Q&A with Dr Ruth Holmes
27 Jun 2022
Ruth is a Senior Emergency Department Specialist within Central Adelaide Local Health Network and the Statewide Virtual Care Service. She graduated from Imperial College London in 2000 and completed her training in Emergency Medicine in 2013.
Ruth is the newly appointed Clinical Lead for the Statewide Urgent Care Clinical Network, at the CEIH.
Tell us about a memorable highlight in your career so far.
These are many and varied. From walking across the stage at The Royal Albert Hall as I graduated as a doctor, to the feelings of satisfaction knowing that you have played a part in providing good compassionate care to patients. From passing Fellowship exams, to being an effective advocate in the patient journey. From working in a rural clinic in Zimbabwe, to leading a trauma team at a large trauma centre. I feel very privileged to have had the opportunity to follow a career in Medicine.
What skills do you bring to the role as the Statewide Urgent Care Clinical Network Lead?
My commitment to follow a career in Emergency Medicine, partly due to a love of team work, means I bring the skills I use as an Emergency Medicine Specialist on a daily basis. I lead in a dynamic environment and rely on common sense, strategic thinking, problem solving and flexibility. The Emergency Department, by its very nature, can be a complex environment and playing my part in coordinating a multidisciplinary team with a goal of providing patient centred care is a privilege. Addressing complex, challenging cases relies on excellent communication skills, collaboration and utilising the team’s skills for the best outcomes for patients. I think these skills, honed in the ED, will be relevant as I lead the Statewide Urgent Care Clinical Network.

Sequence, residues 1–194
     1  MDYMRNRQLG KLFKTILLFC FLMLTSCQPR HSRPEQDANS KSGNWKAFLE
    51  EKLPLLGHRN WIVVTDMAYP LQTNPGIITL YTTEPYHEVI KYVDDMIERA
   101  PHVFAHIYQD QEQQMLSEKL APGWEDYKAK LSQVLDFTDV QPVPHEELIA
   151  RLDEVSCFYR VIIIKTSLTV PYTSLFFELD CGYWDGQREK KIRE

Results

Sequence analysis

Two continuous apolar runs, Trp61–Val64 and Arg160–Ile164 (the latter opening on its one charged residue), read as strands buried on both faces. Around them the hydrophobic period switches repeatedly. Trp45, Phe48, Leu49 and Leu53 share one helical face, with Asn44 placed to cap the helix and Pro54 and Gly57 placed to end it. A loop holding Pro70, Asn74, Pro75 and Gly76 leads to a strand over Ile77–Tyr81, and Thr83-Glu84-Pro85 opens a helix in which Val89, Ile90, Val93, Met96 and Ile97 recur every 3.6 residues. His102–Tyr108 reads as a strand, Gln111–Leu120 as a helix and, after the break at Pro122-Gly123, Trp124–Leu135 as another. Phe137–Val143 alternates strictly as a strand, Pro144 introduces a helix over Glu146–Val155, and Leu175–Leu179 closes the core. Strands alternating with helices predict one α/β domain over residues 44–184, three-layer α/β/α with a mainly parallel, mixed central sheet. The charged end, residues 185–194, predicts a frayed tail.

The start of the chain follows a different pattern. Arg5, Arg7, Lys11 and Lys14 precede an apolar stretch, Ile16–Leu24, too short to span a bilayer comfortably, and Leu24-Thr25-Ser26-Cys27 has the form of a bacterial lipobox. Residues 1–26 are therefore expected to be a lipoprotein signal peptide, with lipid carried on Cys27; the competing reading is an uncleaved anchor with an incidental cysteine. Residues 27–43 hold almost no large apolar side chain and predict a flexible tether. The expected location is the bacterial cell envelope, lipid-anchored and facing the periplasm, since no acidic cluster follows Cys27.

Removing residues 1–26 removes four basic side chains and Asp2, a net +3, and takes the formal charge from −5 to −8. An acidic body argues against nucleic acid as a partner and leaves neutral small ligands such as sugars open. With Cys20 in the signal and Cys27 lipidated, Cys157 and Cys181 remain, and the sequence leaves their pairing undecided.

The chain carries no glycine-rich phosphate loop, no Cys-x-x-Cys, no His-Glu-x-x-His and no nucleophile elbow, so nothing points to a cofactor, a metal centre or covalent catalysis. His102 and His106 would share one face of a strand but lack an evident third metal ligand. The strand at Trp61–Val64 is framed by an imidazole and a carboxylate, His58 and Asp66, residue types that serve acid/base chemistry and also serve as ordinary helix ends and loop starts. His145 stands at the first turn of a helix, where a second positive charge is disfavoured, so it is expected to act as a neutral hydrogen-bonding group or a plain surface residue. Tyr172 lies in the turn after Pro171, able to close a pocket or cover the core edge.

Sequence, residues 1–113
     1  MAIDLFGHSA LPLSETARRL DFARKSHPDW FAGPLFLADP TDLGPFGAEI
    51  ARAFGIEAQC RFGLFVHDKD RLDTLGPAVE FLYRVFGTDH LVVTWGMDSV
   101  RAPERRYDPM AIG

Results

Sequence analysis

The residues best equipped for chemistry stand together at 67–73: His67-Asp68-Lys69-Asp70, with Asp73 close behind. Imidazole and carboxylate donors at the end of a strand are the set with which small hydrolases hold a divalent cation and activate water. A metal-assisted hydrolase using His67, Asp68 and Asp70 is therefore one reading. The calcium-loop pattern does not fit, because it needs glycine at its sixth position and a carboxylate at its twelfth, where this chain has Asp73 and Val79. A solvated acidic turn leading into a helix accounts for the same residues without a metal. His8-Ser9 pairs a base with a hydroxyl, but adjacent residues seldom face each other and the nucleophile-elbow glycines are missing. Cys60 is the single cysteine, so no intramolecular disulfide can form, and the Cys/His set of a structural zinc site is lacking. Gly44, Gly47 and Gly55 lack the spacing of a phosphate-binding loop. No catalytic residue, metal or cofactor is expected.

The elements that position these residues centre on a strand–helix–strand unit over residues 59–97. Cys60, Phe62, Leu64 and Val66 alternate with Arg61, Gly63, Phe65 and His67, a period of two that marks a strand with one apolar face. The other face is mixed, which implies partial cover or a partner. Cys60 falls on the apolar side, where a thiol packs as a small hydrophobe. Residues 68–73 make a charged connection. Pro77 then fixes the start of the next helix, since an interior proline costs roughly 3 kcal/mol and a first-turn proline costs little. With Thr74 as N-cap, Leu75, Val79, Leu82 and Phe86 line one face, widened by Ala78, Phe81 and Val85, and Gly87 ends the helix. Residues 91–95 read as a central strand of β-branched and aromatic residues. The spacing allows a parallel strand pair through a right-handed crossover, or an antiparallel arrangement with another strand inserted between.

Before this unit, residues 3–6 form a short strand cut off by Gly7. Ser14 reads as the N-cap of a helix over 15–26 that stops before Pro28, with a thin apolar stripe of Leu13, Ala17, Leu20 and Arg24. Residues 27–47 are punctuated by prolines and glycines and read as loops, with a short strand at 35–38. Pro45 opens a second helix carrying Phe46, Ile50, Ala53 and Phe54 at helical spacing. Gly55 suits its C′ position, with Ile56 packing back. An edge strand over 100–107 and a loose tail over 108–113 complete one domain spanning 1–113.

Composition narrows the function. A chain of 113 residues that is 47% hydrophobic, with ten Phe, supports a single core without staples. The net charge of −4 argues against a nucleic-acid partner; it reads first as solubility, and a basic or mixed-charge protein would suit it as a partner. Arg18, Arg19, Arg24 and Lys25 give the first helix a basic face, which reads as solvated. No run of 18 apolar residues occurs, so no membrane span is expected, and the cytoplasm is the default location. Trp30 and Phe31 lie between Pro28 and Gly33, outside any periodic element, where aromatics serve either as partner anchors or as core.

Where do you see opportunities for innovation and improvement in the Urgent Care specialty?
This is an exciting opportunity to make a difference to patients that span a wide spectrum of our health care service, whose needs could potentially be better met in an alternative environment to the one they find themselves. The potential for care to go to them, rather than the other way round. The expansion of virtual care that was kick started by the COVID-19 pandemic is one that excites me and has potential to address some of the issues around the access to urgent care including those patients in rural and remote areas.
What is your experience and approach in working with stakeholders, particularly consumers, carers and community?
Our human-ness and connection to community makes all of us at various points consumers or carers. I think it is particularly important to engage with those consumers, carers and community because our perspective as clinicians around priorities can be at odds to those our service is created for. My experience on a Reconciliation Action Planning committee which had participation of consumers and my interest around creating a culturally safe environment within ED, has highlighted the importance of this to me.
Tell us something you’re happy to share from your life outside of work, or something most people don’t know about you!
I love a beach walk with my miniature Dachshund and a Double Doodle!
To read more about the Network, see Statewide Urgent Care Clinical Network.